The ever-present worry that you are not doing the right thing or you are not doing enough

Guilt is a constant companion (well, for me anyway). Special needs parents are always evaluating whether they are pursuing the right therapy and wondering whether there’s something new they should try. It doesn’t help when friends and family (trying to do the right thing) suggest the latest and greatest breakthrough as it just adds to our existing layers of guilt. There’s always the underlying worry too, that we’re just not doing enough, even with a full calendar of appointments. The guilt is ever present and very real.

Not having enough time to spend with your partner

There’s a reason separation and divorce rates are significantly higher for special needs parents. With the responsibilities that come along with parenting a child with additional needs, there isn’t enough time to cultivate the relationship. When the occasional date nights come around, they are often spent talking about the kids or catching up on much needed rest (well, mine are!). It’s hard to find the energy and the time to be the same devoted partner you were prior to becoming a special needs parent. It’s a hard reality and not one that can be easily overcome.

Disconnecting from friends

One of the big challenges facing special needs parents is the inevitable disconnection and loss of friendships. It’s not because we don’t value or want close connections – we need them more than ever when our lives get turned upside down. But, it’s hard to be the same friend we once were when we’re juggling so many responsibilities. Sometimes, we do have to cancel plans at the last minute. Sometimes, we can’t just drop everything and be there. Sometimes, it looks like we don’t care. But, that’s not true.

The hard parts of special needs parenting - www.myhometruths.com

These are just some of the hard parts I’ve encountered as a special needs parent. I’m sure I’ve left lots out but I hope it helps others better understand the stress, strain and pressure we are under, on a daily basis.

What  are the hard parts of special needs parenting for you?

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6 Responses

  1. Thank you for being so frank and honest in this space. It is true that we need to confront what it in front of us and to be real in the situation. I am not the parent of a child with special needs but as a single parent, I can identify with the challenges you outline here. Now that they’re written here for me, I have something to focus on as I try to change how I deal with parenting.

    Much love

    SSG xxx
    Sydney Shop Girl recently posted..Life This Week 18/9/2017: Taking Stock.

  2. It’s the unconditional love that make each special needs parent be able to survive in these hardships.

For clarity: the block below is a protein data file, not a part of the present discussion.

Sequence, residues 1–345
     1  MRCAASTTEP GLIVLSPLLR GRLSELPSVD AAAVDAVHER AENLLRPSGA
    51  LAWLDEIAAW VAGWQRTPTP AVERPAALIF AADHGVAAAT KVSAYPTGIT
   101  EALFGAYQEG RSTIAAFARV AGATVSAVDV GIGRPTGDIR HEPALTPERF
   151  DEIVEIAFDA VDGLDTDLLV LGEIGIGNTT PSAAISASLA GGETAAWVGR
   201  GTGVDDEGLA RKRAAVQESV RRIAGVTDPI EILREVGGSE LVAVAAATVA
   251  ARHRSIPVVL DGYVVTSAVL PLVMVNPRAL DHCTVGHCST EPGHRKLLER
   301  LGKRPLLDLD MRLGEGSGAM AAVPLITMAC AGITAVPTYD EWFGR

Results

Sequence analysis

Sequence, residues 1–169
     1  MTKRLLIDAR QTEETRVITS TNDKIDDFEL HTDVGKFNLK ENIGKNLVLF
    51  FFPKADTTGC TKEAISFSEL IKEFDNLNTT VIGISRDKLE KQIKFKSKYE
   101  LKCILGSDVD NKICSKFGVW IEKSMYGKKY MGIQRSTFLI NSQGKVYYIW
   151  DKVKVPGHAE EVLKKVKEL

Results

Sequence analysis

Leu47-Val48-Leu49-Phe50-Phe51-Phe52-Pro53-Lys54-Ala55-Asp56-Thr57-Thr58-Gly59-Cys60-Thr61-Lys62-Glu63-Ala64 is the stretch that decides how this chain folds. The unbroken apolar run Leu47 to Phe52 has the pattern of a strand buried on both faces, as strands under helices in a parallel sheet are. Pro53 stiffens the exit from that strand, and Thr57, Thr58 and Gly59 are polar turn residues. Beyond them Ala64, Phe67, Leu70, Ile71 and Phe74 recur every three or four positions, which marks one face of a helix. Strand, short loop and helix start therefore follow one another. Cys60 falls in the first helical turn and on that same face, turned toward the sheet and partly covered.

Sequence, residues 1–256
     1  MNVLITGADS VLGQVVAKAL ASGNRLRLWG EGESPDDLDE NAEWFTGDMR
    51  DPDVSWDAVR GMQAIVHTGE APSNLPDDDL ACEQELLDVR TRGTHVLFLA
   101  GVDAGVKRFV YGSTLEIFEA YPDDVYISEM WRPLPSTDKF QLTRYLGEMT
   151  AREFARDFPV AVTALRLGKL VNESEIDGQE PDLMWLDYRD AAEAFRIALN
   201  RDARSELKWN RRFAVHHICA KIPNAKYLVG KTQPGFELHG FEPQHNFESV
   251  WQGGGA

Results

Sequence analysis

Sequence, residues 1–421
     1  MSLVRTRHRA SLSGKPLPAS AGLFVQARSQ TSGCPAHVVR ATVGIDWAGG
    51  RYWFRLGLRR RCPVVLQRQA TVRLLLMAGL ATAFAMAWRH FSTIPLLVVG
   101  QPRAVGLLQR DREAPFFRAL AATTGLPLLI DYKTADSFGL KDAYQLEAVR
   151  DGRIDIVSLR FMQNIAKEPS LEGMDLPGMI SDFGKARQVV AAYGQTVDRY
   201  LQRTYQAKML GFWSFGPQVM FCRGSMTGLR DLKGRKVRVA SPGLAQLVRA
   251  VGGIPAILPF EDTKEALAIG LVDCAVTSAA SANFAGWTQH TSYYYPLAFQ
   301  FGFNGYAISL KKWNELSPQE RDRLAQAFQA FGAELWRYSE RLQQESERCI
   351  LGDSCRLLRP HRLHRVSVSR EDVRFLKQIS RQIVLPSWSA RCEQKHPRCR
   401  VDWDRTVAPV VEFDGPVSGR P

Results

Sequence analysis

To me, if you’ve lost connection with friends it does not mean you did it intentionally. It’s just that time and the situation does not allow you. That’s where social media messages come in very helpful. My cousin is a special needs parent and I can see her situation in what you wrote. Thanks for sharing.
    Erica Lindeman recently posted..How Service Dogs Act as Caregivers

  3. So very hard as I see it. I did not have to parent special needs children but one or more of my grandchildren had/have special needs and I admit, this experienced educator was not the most patient nor understanding Grandma!! I take my hat off to you and N and others who are following this path. I see some understanding as you might imagine from the school’s perspective and let you know now that “we” the educators do not like making those calls and think long and hard before doing so. Oh, if only there was more funding for direct teacher’s aide time and for all teachers to be well-trained for all kids …and in my book, lower classes would help considerably. Well-done for your honesty and outlining what challenges your life has in it every.single.day. Thank you for linking up for #lifethisweek 36/52. Next week’s prompt: Beach or Bush.
    Denyse Whelan Blogs recently posted..Cancer and Me Four Months On. 2017.108.

  4. Thankyou for sharing all aspects of parenting an additional needs child her on this blog. It gives us all a frank and honest insight into your life.
    Kerrie @travelswithmum recently posted..Kids recommend: Sand boarding at Little Sahara, Kangaroo Island.

  5. The unpredictability of special needs parenting, not knowing when the next hurdle will come along, a relapse of behaviour, a meltdown. It is always in the back of my mind. I know I should not stress about it, crossing bridges before I have come to them is a real struggle. Having time to take meaningful and recharging time out is important, it’s so easy to get bogged down with all the responsibilities x
    Alicia O’Brien recently posted..Veggie growing, and eating!

  6. MMT says:

    I really understand this post given one of my best friends children has special needs. She’s found it really tough and it’s hard to know exactly how to help. I’m sure reading something like this would really help her.

    Thanks for linking to #coolmumclub